The government has appealed to the Supreme Court.

The appeal has attracted "references" and "interventions" from various sources and these have given the case added dimensions that were not present when the High Court heard the case.   For example, Scotland, Wales and Northern Ireland have each advanced a number of particular reasons why Parliament should decide the issue rather than leaving it to Ministers to use the prerogative.  There can be no doubt that Brexit will result in significant changes to the devolution settlements and all of the devolved governments /administrations are concerned about this being achievable by prerogative power.  They say it is for Parliament alone to alter such constitutional arrangements.

Scotland, Wales and Northern Ireland have “devolved” administrations.  No uniform model of power devolution within the UK has been adopted and so the precise detail varies from one nation to the other but important strands run through all the devolution arrangements.  There is European Union (EU) membership.  Another strand is the so-called "Sewel Convention" which provides that the UK Parliament will not normally legislate for devolved matters without the consent of the devolved legislature affected.  Motions giving such consent under the convention are referred to as Legislative Consent Motions (LCM).  For Scotland, the convention is now in statutory form - Scotland Act 2016 section 2.  The Wales Bill clause 2 - currently progressing through Parliament - will put the convention in statutory form for Wales.  For Northern Ireland, the convention continues to apply.  An important point is that the Sewel Convention operates between legislatures and the ultimate decision whether to legislate without the consent of a devolved legislature is a decision for the UK Parliament and not for the executive.

The case has already attracted an enormous amount of comment in legal circles and there are links to much of this in my earlier post.   The various commentaries often contain subtle, even intricate, legal argument and it remains to be seen whether any of this gains traction with the Supreme Court.  (Some of the commentaries are referred to in the government’s case).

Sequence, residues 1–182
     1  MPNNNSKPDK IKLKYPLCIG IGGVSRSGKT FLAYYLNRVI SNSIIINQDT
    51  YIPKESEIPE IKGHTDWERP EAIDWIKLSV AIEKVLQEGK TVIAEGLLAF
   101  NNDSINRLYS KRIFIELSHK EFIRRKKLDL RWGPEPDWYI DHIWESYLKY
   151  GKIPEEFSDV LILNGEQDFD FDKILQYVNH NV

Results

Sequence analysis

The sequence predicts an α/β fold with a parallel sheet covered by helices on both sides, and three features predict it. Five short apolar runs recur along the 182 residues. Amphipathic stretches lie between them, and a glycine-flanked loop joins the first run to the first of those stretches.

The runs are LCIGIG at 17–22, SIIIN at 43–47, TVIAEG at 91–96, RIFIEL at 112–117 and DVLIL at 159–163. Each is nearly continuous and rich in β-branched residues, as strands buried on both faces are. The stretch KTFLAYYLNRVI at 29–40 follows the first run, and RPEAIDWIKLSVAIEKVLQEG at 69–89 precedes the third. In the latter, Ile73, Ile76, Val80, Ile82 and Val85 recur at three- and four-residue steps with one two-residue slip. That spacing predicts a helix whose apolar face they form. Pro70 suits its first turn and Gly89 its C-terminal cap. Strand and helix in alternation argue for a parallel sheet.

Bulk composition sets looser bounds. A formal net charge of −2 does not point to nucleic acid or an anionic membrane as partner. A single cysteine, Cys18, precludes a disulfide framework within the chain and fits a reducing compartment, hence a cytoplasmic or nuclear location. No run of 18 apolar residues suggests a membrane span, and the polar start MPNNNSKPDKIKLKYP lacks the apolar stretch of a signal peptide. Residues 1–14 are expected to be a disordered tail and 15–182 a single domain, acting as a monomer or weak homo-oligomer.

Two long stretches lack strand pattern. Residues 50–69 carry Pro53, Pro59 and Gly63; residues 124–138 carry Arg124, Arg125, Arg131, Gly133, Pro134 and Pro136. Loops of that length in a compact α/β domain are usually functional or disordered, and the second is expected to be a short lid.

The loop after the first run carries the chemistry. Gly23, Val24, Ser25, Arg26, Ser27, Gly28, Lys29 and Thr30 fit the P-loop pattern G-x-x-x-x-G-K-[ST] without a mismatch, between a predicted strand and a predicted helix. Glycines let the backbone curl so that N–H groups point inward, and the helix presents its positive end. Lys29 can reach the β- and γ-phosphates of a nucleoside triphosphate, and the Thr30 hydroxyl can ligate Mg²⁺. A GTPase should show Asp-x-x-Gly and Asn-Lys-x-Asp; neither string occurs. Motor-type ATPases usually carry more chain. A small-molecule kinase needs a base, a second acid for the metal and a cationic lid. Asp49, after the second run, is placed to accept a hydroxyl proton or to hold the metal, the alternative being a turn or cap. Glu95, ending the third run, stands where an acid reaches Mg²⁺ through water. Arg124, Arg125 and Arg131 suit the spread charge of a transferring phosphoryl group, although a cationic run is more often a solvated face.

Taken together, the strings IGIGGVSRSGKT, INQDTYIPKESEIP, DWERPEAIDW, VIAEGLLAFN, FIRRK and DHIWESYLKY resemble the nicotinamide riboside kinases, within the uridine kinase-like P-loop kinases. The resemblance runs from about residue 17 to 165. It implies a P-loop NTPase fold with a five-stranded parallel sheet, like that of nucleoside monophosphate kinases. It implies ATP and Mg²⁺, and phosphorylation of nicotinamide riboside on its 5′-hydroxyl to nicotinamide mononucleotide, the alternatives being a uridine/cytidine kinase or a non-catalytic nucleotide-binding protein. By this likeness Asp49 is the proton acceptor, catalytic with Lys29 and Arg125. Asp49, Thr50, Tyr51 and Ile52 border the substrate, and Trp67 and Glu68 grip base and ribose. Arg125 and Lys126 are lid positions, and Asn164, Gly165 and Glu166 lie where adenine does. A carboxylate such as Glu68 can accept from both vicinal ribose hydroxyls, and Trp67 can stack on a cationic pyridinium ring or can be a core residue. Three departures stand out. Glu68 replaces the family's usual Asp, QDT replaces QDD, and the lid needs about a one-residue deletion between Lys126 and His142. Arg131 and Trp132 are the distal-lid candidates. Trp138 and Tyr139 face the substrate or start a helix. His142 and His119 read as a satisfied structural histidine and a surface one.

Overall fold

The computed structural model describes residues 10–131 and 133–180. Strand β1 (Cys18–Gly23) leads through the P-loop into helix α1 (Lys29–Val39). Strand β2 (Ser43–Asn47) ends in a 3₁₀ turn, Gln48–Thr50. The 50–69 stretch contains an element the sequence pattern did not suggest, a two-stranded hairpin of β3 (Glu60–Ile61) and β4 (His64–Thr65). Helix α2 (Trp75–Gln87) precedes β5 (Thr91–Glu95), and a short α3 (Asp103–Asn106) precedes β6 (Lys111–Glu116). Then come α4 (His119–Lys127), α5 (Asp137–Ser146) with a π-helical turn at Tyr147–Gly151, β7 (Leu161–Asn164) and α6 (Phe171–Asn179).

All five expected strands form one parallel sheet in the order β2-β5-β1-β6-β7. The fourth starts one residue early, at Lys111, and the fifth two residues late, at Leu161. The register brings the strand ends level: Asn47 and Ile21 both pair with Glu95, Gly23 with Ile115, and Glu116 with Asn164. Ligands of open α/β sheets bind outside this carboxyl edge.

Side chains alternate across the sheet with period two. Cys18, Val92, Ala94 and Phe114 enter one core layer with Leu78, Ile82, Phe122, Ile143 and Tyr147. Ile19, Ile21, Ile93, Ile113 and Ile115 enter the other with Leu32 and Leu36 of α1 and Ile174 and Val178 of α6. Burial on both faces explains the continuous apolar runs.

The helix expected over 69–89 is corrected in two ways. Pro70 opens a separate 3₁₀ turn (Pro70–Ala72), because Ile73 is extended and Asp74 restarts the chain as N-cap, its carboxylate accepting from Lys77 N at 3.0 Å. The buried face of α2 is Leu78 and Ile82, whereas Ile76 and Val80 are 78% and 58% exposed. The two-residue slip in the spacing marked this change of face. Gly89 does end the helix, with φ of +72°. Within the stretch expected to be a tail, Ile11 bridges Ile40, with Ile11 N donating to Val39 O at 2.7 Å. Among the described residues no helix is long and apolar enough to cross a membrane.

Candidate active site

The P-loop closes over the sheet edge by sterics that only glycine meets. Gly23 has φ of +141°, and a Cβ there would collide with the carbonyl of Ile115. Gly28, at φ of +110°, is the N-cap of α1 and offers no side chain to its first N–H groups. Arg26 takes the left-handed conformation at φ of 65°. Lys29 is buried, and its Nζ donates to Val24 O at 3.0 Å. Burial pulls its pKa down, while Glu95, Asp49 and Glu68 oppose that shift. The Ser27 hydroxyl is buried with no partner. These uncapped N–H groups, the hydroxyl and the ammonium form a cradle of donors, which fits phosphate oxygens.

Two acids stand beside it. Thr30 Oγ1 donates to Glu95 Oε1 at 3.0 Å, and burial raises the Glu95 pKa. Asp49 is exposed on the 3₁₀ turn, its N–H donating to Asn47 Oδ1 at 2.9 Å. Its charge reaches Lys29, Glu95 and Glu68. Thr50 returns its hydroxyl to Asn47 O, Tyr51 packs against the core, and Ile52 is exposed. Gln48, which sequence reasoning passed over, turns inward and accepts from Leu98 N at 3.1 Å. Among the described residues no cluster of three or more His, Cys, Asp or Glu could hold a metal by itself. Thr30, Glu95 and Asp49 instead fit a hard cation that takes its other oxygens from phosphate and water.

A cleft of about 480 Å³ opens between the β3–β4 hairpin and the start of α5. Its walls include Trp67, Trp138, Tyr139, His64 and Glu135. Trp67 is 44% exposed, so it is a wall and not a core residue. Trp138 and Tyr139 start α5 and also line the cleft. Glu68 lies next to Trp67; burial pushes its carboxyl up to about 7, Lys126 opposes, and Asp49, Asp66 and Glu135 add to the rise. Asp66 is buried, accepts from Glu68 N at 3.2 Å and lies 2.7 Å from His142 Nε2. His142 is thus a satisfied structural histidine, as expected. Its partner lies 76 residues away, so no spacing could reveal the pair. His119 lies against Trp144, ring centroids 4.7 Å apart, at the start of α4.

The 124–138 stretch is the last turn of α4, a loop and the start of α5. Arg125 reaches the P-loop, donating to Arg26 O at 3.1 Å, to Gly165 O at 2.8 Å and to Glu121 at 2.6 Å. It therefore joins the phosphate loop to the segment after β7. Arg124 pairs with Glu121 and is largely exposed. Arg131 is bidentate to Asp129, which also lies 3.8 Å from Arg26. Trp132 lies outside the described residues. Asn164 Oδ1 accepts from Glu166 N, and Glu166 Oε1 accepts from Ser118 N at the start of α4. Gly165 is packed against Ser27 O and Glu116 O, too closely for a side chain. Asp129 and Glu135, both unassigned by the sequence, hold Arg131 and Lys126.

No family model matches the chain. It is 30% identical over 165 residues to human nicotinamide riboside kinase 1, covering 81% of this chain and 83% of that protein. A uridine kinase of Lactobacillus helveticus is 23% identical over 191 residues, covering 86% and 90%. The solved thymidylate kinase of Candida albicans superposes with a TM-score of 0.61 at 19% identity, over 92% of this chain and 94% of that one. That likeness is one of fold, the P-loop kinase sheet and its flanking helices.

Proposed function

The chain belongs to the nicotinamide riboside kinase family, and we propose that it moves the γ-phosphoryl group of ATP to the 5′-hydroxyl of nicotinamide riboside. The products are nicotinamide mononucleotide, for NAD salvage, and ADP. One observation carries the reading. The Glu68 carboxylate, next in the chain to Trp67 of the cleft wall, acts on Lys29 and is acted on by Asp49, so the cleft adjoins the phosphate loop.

For my part, I hope that the High Court’s decision is upheld.  My reasons are stated in this post of 27th June.   The opposing case will be powerfully argued.   A “stellar” cast of Queen’s Counsel will appear for the government and other parties in court.  We will know the Supreme Court’s decision in the New Year.  All 11 of the present justices will sit on the appeal.  The possibility of a split decision cannot be ruled out.

Finally, in the event that it requires any emphasis, the case is NOT about the POLITICAL merits of Brexit.  It is a question of LAW as to the exact scope of powers held by Ministers.  If it is decided that the matter requires Parliamentary approval then there is talk that the government will bring forward a short Bill - The Independent  - and legislators will be faced with the choice of approving Brexit or defying the electorate's overall vote.  Those in the House of Commons will be ultimately answerable to the electorate.  Those in the House of Lords (unelected) will have to consider the extent to which they may properly oppose the government's manifesto commitment to honour the outcome of the referendum - (see Note 5).  All of that will be in the political sphere and is NOT the concern of the court.

Full details of the case may be read via the Supreme Court’s website.  I will not be able to take four days out to follow every nuance of the the hearing but there are those who are lucky enough to be able to do so.  The Supreme Court blog is one.

The Supreme Court's live feed will cover the entire proceedings, with no delay.   See the Supreme Court website for details of "catch up" video and transcripts.


1.  Hansard for 28th October 1971 records that the House of Commons approved the following motion by 356 votes to 244.

"That this House approves Her Majesty's Government's decision of principle to join the European Communities on the basis of the arrangements which have been negotiated."

2.  References are made under Article 267 Treaty on the Functioning of the EU.

3.  The United Kingdom is a constitutional monarchy with HM The Queen as Head of State.  The British government is, technically, Her Majesty's Government and the Queen formally appoints Ministers of the Crown.

4.  The UK is a party to over 14000 treaties.

5.  Conservative Party manifesto 2015 - see page 72 onwards and especially page 73.